NotAYakk

Legend
They aren't "just walking" 100 feet away. Every 6 seconds they are actively doing something combat related - sprinting, attacking, casting a spell - and have been doing it continuously with no time to catch their balance and ... hide.

The hidr action means "walk at cautious combat pace while paying attention to not being noisy or obvious" in this context.

If someone casts invisibiliy and moves 30 feet, the rules have A then B happen, but they actually happened in the same 6 seconds. They where casting it as they walked.


If you want to cast invis, then move away, that is invis, hide action and move. 2 rounds. 1 to cast one to move.
 

We are talking about a monk. Not a knight in full armor. The monk is naturally stealthy. A monk does not wear heavy boots if he wears any. He won't be heard in a combat situation where a guard is shouting and every other guards are rushing to his aid with all the noises accompanying them.

Nope the monk will not be heard. But for the sake of the argument...

A 5th level monk has a dex of 18 and a proficiency of +3 giving a +7 to stealth. Running makes you make your check at disadvantage so a total +2 should be assumed. With an average roll of 11 on the dice it gives 13.

For the guard, we will assume proficiency of +2, and a +1 from wisdom. With an average roll of 11 it gives us 14! Hahah! The monk is heard! Nope, because of the noise and screaming sound based perception are made at disadvantage so -5 on that check for 9... well below the monk. All this without rolling.

No the monk isn't heard.

The monk is heard until he makes his Stealth check via the Hide action.

Theyre the rules.

But you do you.
 

Ovinomancer

No flips for you!
The monk is heard until he makes his Stealth check via the Hide action.

Theyre the rules.

But you do you.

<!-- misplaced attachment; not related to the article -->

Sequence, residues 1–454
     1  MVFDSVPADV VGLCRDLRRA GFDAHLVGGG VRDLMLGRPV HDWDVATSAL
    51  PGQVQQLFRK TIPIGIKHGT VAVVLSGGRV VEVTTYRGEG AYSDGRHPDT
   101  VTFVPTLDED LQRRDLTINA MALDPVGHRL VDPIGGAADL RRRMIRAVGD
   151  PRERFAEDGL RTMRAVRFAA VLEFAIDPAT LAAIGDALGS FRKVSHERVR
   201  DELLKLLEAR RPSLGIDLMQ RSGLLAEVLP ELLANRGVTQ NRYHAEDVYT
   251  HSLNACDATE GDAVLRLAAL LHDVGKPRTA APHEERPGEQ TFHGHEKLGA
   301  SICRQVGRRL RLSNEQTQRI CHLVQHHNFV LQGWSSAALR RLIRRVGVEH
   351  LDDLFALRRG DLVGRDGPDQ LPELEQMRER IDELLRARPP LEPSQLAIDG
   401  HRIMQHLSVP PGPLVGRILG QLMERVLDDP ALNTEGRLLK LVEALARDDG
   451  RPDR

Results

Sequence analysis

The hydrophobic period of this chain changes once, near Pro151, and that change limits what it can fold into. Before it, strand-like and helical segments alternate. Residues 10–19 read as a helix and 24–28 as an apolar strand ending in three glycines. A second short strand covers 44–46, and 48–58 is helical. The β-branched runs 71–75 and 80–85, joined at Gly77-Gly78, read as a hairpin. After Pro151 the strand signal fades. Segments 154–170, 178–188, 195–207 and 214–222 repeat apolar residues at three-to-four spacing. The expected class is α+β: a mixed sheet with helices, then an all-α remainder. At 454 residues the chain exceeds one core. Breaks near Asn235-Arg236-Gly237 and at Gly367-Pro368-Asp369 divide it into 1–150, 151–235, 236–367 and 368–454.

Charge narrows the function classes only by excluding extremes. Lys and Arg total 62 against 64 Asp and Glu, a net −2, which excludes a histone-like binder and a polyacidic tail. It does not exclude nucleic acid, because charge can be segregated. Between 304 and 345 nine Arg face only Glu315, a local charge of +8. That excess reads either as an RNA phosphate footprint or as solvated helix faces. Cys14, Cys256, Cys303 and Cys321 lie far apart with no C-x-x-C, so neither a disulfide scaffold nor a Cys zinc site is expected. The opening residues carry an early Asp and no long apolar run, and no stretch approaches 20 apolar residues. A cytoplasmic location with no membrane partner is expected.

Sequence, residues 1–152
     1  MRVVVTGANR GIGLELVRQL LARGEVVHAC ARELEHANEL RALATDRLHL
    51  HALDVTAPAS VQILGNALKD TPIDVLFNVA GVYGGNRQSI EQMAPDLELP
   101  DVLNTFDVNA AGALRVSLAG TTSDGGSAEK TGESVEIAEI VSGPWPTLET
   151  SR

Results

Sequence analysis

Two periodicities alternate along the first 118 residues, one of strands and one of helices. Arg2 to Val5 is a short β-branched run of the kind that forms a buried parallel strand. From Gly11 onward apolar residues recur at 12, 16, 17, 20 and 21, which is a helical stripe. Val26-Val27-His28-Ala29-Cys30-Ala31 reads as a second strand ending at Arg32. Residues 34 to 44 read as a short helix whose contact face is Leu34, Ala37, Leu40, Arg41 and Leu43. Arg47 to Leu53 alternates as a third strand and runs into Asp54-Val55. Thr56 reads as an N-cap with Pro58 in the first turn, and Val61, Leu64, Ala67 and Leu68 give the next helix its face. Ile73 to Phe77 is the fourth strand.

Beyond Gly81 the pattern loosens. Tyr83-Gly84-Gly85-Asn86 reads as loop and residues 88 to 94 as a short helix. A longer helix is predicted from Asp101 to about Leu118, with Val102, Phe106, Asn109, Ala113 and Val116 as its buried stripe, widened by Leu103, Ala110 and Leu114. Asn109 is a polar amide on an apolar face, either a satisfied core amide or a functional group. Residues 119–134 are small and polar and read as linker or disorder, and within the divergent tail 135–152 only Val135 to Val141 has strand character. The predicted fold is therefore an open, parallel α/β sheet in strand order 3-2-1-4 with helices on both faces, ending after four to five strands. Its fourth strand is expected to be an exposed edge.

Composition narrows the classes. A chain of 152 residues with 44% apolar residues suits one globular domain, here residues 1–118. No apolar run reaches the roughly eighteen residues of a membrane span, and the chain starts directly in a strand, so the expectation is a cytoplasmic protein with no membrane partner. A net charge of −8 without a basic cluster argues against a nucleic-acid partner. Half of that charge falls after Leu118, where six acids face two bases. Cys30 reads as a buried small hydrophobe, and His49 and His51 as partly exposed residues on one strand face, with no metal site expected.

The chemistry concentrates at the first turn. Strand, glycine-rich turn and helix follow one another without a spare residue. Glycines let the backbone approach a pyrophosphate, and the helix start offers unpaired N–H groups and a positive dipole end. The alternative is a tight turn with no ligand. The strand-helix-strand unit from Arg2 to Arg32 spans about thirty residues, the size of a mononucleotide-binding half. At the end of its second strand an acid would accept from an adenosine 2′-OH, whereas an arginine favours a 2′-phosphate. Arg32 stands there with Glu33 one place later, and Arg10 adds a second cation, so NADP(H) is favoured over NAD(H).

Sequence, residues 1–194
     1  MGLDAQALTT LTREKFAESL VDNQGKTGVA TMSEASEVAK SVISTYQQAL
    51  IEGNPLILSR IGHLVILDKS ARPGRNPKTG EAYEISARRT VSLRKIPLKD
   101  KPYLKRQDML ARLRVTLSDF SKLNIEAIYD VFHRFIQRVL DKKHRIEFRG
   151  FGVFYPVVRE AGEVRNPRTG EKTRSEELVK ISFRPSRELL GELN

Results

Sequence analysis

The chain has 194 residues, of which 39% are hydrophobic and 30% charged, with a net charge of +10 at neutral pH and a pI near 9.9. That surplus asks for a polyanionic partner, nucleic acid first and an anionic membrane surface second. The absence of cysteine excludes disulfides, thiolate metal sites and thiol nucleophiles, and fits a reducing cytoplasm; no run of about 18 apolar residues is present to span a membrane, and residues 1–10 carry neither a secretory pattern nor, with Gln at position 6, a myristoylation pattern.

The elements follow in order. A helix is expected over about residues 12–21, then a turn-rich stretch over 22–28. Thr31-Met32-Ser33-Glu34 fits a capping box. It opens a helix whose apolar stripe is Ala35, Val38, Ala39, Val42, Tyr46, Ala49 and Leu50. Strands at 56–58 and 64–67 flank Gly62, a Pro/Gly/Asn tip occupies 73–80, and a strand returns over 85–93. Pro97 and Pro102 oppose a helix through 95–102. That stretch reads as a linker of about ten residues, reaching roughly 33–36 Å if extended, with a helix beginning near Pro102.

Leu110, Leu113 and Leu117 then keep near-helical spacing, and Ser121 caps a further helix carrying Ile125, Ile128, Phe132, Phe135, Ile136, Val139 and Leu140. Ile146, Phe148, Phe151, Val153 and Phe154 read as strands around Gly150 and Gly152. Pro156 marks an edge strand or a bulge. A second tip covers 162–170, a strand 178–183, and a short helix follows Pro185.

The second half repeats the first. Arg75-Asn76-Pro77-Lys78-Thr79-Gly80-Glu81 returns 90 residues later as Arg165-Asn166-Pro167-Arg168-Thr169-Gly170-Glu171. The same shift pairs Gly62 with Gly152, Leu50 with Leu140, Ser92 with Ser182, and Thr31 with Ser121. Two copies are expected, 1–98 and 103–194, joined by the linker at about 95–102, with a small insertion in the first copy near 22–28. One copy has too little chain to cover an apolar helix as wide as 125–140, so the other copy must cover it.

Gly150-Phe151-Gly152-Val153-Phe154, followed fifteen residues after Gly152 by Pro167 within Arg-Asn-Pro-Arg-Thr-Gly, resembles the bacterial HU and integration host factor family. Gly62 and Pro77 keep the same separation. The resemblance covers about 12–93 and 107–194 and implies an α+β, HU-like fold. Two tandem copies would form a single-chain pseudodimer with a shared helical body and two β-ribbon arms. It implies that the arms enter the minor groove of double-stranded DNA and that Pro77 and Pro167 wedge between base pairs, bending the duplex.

No, the monk is locatable until he hides. How he's locatable is up to however that successful action is described by the GM. Hearing is one option, it's not the only one.
 

Oofta

Title? I don't need no stinkin' title.
The monk is heard until he makes his Stealth check via the Hide action.

Theyre the rules.

But you do you.
No, the monk is locatable until he hides. How he's locatable is up to however that successful action is described by the GM. Hearing is one option, it's not the only one.

Where does it state that? People keep repeating this as if it's a rule. Would you know where the monk was if he's on the other side of the planet?

I can quote the rules again, but there is no "you are detected unless you are hidden" in 5E.
 


DM Dave1

Adventurer
Where does it state that? People keep repeating this as if it's a rule. Would you know where the monk was if he's on the other side of the planet?

I can quote the rules again, but there is no "you are detected unless you are hidden" in 5E.

Nor is there a rule that states "you are hidden unless you are detected" in 5e. You are never hidden in combat unless you successfully take the Hide action in 5e.

If the invisible monk is in the area of a combat, unless they hide successfully or get behind total cover or move out of range (perhaps to the other side of the planet?) on their turn, they can be attacked per the invisibility rules. Hence they are detected (or "heard" or "locatable") in some way, making it possible to target them with said attack. I don't think anyone is arguing the mechanics of that. To me, @Flamestrike and @Ovinomancer are just arguing about the fluff of how one might describe those mechanics in the scene.
 

Oofta

Title? I don't need no stinkin' title.
Nor is there a rule that states "you are hidden unless you are detected" in 5e. You are never hidden in combat unless you successfully take the Hide action in 5e.